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Editor's Note: We are a non-religious magazine. However, we acknowledge that spirituality is an important part for some. Our Faith column is a place for anyone to discuss how faith positively affects their mental health and how to improve the conversation around mental health within faith communities.
I find it difficult to write an article for the faith column, at times. I feel like those reading these articles expect me to have some wise words of encouragement and hope, or an inspiring message that will grow their faith in whatever season of life they may be walking through. I put expectations on myself to share some great insight into my faith.
Recently, I’ve been walking through one of the worst seasons of anxiety and depression I’ve ever experienced. I am weary and hesitant. Holding on to my faith through this period has been difficult, as it has continued to be throughout my entire recovery process. I have no advice, no encouragement, and no inspiration to share.
Honestly, I have a lot of doubts about God’s goodness and mercy, especially when I face the suffering that comes with my mental illnesses.
If God is merciful, why do I continue to suffer like this? I doubt He is working in my life when it seems each day is a continuation of the despair of the day before. Why, if God is working, does He not change my daily trials? My depression and anxiety are persistent, and I wonder where God is and why He is allowing me to be overcome with desolation and fear.
Often, I feel I will be judged by the Christian community, because I am never irrefutably sure of my faith. Depression and anxiety easily upset my certainty, throwing me back into doubt and making me feel alone in the full pews of my church. I don’t speak out about my doubts.
It’s portrayed there is no room for doubt in faith. Faith is “complete trust or confidence,” whereas doubt is “a feeling of uncertainty or lack of conviction.” The two appear to be mutually exclusive. How can you have faith if you are uncertain, and how can you doubt when you trust completely?
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My doubts cause me to feel inadequate and unaccepted.
They consume me and force me to hide behind a mask of faithfulness. I speak the words that are “true” when asked the questions, yet I do not always believe their validity.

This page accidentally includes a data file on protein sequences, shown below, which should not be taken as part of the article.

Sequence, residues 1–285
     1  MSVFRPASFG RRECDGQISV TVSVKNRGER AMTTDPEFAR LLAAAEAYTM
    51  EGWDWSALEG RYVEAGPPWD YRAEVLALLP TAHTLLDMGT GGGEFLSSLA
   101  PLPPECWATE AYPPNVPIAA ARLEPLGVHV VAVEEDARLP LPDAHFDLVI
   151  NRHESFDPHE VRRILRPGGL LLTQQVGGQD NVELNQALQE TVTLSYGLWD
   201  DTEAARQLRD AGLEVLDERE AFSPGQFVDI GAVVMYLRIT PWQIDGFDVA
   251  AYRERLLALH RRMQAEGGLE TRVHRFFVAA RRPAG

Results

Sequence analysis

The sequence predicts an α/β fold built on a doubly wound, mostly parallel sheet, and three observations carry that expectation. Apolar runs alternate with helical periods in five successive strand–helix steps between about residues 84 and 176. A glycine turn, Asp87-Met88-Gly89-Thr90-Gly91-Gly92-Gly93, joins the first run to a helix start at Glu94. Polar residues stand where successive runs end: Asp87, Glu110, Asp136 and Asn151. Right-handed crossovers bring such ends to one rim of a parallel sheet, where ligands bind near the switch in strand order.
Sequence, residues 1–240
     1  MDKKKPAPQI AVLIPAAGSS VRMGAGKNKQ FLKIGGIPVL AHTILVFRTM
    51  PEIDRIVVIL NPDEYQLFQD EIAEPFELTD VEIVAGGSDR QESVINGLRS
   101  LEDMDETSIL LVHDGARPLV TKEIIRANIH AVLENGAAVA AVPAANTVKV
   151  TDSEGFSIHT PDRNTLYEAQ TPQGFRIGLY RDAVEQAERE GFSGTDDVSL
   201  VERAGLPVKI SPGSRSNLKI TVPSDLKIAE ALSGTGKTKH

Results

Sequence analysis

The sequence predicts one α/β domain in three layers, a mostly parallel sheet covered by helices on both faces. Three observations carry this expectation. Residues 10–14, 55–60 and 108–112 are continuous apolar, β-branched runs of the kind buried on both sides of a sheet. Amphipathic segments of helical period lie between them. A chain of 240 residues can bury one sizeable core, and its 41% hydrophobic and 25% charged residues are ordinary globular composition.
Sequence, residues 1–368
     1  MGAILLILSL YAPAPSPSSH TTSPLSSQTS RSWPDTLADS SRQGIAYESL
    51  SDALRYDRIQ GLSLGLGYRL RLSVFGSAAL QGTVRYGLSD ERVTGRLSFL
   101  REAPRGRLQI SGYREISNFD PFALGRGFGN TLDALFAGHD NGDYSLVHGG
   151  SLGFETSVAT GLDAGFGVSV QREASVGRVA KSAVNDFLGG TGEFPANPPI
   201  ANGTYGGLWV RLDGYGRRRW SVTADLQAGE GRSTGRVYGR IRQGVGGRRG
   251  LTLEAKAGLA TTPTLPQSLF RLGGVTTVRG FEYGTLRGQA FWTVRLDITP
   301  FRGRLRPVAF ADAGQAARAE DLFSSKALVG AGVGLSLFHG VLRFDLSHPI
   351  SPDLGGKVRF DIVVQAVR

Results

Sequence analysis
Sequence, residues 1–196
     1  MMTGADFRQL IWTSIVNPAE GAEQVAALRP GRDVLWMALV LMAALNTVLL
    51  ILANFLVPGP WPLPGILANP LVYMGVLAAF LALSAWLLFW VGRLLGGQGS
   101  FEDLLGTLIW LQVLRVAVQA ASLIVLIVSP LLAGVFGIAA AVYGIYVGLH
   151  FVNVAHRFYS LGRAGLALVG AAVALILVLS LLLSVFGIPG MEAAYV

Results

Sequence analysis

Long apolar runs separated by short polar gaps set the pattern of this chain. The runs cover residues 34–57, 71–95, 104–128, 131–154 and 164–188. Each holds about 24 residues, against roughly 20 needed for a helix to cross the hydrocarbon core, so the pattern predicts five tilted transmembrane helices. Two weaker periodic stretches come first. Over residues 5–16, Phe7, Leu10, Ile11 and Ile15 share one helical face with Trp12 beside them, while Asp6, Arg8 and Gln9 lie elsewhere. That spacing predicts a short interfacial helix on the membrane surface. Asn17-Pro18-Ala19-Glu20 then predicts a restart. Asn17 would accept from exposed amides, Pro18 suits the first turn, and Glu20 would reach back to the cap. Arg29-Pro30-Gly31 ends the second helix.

How is it God’s mercies are new every morning, when I awake each morning with the same resigned weariness of depression in my soul? Does God truly have a plan to prosper me and keep me from harm, even as thoughts of destructive behaviors invade my mind? Where is the peace that lends understanding while my anxious thoughts are racing and vying for my attention?
When will God begin to work all things for good, while each day is still wrought with battles of crippling anxiety and depression that crush the life I have worked so tirelessly and unforgivingly to live?
As Christians, we think there is something wrong with us when we question the assertions made in the Bible.
We deem we are wrong, inadequate, and less loved for our doubtfulness. We feel we are outsiders, masquerading as though we belong in a foreign land.
I like to be certain. I like my world to be in order, for my life to go as I planned it. I like to be sure the ground is concretely and firmly underneath my feet before I take a step.
Yet, I live with mental illness, with good days and bad days. My world is uncertain, dynamic, and abstract. I live a life that is not black and white, where I vacillate easily between doubt and faith.
In this season of my life, I’m finding that I am the doubter more than I am certain. I am the non-believer more than I believe. I am faithless more than I am faithful. I am the prodigal daughter more than I am returned home.
I’m finding, though, as I begin to develop more acceptance for who I am in this season of my life, that this is okay.
It is okay to have questions. It is okay to have imperfect faith. It is okay to doubt.
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